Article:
Nigel, Somerset, 7/12/2008 12:14

Mindbogglingly, this has been rated “up” at over 30 times. Sadly for Nigel, pretty much everything he has said is wrong. It is hard for him to be more wrong. (I suspect this is the mail fucking up its comments and this was in response to a different article)

Britain is a modern, multi-cultural and multi-faith country. No matter how much he may want to cry otherwise. We have mosques. We have Hindu temples and Jewish synagogues. We pretty much cater for every current world religion to at least some degree. You can put your head in the sand and claim otherwise, but reality will prove you wrong every time.

Being “Historic” is not the polar opposite of modern. You can be a modern country with a long and proud history. In fact, Britain pretty much meets that, as do most countries with a “long and proud history.”

Saying Britain is British is comical, so I will ignore that, but saying Britain is a Christian country is interesting. Yes, we do have a state religion but you are not forced to subscribe to it. We are not a “Christian” country in any meaningful sense.

Lastly, this is the Junior Oxford English Dictionary. It is for young people. It has a limited set of words it can hold, so logic screams out that more popular words should be included. I dont agree with the word choices but I am more than capable of teaching my children the missing words. For the record these are the ones removed: (categories made by the Mail not me)

NATURE
Bluebell, budgerigar, cygnet, dandelion, gerbil, goldfish, guinea pig, kingfisher, magpie, marzipan, minnow, newt, piglet, primrose, starling, willow, wren.
CHRISTIANITY
Carol, cracker, holly, ivy, mistletoe, abbey, altar, bishop, chapel, christen, disciple, monk, nun, pew, saint, sin
HISTORY
Coronation, duchess, duke, emperor, empire, monarch, decade

Now I am intrigued why cracker is “Christian” rather than a food, but I suppose PZ Myers has a lot to answer for… At the end of the day, there will always be some words excluded. Get over it. There are more nature ones missing, and I very much doubt evolutionary biology terms get much space.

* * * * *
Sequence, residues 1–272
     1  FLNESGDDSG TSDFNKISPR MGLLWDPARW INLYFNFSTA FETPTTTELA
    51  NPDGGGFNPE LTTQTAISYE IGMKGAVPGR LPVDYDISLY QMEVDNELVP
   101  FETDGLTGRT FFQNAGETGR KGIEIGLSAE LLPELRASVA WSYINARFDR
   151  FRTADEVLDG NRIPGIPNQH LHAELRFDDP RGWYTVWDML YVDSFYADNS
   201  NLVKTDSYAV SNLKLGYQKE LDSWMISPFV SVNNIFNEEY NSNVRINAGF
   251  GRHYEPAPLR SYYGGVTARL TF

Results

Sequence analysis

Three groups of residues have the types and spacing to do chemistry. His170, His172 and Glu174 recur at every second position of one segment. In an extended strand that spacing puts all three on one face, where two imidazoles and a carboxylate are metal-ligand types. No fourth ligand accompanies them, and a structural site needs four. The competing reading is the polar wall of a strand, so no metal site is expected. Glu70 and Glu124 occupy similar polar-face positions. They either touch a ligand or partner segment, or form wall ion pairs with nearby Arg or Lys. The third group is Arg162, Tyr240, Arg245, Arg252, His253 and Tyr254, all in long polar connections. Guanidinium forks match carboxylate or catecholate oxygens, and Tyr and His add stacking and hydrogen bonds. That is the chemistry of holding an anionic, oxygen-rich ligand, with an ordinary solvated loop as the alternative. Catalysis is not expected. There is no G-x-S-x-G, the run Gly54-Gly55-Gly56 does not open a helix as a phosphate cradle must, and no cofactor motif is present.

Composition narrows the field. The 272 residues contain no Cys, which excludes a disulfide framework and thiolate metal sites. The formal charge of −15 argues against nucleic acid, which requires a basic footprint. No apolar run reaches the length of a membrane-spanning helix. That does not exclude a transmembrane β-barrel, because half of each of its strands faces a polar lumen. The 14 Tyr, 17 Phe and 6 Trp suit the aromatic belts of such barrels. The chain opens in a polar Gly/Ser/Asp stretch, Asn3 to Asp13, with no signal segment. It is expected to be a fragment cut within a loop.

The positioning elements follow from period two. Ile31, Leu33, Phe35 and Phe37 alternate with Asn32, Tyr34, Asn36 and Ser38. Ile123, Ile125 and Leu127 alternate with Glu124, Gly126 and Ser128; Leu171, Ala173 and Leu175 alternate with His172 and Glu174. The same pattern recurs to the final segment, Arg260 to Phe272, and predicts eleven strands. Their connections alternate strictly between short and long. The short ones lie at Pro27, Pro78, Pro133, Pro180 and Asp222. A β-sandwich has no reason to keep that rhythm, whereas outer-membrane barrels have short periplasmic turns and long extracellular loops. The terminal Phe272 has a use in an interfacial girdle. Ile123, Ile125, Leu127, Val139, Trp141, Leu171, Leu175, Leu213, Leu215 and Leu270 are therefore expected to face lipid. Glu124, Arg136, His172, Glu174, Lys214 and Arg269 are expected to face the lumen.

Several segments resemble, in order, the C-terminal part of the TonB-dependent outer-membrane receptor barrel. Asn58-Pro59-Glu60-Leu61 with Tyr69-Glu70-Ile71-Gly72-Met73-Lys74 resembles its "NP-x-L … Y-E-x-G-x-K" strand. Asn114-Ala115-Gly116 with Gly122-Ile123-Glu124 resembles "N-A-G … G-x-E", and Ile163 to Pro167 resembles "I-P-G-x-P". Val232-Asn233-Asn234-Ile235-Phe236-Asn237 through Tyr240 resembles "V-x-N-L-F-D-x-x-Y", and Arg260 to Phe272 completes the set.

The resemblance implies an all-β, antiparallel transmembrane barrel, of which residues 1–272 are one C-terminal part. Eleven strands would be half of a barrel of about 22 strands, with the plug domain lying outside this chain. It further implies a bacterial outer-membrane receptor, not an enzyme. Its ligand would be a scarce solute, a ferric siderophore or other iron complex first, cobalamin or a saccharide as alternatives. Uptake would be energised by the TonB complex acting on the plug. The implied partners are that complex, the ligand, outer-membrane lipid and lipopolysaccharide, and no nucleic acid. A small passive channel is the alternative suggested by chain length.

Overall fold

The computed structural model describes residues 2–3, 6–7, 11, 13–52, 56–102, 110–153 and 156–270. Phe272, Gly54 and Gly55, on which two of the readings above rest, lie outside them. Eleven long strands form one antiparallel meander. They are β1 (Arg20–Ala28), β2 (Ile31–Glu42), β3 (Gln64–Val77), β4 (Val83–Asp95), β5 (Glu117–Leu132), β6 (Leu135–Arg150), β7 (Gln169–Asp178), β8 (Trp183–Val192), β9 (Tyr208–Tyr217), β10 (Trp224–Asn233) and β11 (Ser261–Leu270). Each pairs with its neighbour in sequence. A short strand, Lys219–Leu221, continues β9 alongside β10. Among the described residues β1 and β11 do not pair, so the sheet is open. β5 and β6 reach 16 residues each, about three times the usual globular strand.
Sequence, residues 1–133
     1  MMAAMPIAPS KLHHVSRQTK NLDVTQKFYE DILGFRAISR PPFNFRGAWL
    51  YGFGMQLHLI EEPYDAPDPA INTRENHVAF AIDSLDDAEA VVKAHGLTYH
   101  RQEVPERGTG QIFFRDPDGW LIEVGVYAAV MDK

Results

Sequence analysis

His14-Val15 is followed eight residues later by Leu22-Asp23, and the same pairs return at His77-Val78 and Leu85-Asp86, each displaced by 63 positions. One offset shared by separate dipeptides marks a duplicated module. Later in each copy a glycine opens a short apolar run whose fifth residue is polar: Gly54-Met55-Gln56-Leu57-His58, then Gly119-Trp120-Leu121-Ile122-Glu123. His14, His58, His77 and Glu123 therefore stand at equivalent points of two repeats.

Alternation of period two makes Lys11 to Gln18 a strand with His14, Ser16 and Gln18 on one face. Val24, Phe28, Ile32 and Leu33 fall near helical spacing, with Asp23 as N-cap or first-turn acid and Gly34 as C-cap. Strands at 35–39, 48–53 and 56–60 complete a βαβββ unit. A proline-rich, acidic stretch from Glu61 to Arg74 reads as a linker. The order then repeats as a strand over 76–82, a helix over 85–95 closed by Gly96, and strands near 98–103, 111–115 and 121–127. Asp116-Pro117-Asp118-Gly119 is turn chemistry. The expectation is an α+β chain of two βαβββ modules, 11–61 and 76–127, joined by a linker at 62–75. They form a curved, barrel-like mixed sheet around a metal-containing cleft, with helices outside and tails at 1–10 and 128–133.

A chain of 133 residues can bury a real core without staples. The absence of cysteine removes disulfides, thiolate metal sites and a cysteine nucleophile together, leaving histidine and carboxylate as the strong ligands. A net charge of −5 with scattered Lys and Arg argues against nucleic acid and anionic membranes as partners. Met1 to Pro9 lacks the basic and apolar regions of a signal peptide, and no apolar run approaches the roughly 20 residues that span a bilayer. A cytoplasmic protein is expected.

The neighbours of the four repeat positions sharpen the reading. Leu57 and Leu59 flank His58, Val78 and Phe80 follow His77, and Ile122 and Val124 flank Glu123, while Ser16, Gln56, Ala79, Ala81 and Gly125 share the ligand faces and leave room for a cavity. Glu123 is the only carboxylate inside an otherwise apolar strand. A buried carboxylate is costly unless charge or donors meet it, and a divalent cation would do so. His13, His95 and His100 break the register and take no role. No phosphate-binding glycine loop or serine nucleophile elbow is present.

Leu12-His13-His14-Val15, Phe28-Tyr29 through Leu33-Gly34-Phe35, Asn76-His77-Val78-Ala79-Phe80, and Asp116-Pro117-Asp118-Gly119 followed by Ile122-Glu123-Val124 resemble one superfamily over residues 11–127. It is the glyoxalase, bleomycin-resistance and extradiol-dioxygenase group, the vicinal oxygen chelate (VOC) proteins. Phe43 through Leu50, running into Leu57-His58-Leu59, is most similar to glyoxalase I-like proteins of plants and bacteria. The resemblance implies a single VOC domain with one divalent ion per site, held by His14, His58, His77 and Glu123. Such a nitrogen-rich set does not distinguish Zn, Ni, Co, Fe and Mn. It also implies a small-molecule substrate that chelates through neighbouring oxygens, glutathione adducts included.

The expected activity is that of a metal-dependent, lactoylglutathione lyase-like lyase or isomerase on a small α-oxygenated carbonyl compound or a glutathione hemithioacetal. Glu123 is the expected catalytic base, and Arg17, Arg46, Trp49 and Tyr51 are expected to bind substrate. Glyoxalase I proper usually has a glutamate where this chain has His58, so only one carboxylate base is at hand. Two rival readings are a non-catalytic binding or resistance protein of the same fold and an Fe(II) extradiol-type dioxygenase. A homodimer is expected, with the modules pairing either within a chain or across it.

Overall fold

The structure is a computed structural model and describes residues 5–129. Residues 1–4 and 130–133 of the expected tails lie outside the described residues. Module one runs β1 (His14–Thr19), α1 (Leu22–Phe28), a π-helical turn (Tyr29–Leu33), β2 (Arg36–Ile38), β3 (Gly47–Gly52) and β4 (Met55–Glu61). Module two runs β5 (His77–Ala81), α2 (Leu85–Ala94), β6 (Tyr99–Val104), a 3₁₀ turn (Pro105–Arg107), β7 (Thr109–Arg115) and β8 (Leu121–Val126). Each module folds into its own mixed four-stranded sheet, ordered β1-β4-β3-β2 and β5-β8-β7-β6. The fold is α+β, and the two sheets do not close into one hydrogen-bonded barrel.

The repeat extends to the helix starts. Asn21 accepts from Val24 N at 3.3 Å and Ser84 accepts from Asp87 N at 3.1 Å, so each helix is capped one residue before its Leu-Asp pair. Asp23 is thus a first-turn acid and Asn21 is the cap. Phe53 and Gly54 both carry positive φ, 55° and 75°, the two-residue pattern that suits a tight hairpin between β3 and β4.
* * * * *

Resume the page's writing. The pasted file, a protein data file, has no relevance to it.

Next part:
The next (and last) comic comment I want to poke is:

It is disgrace. This country is based on Christian principles and through these principles this country became prosperous. Why this country started hating itself? Who these modern politicians want to please by fighting Christianity? What is the ultimate aim of multiculturalism? We’ve had enough of this “modern” liberal nonsense.
Alex S, London UK, 7/12/2008 16:37

What blatant nonsense. What christian principles? Does Alex mean the invasion, enslavement and economic warfare that characterised a significan period of our history as Great Britain. Which Christian principles had the Irish subjugated, the Scots slaughtered and Catholics in hiding? What Chrisian principles allowed us to enslave half of Africa? Crucially, this is a country that has been in existence since long before Christ, so how can we be based on his teachings? Does Alex S think we have a pledge of allegiance and watch the superbowl?

I am not sure where Alex has aimed his comment, I can only assume it is also for the dictionary one. Removing some words with Christian connotations from the dictionary is not an attack on Christianity.

Why are Christians so quick to cry oppression and suppression?

Ministers object to normal treatment

You have to feel sorry for members of the government and their allies. I mean, how dare they be treated like mere mortals, when they are so obviously in need of special treatment – like being assumed innocent until proven otherwise.

In an interesting example of double standards, the former home secretary lashed out at the police for their heavy handed tactics: (from the guardian)

David Blunkett, the former home secretary, yesterday led a cross-party attack on the police for what he described as “overkill” in arresting the shadow home office minister, Damian Green, after he published Home Office documents allegedly leaked by a civil servant.

As fresh details emerged of a nine-hour police operation against Green, whose parliamentary computer was seized and whose wife was forced to witness a search of their London home, Blunkett questioned police tactics.

Drawing a parallel with police behaviour in the cash-for-honours affair, in which a former Downing Street aide was arrested in a dawn raid, he spoke of “the danger of overkill, of treating every case as though we are dealing with a suspicious character”.

Woo, cry me a river Mr Blunkett. The irony here is astounding.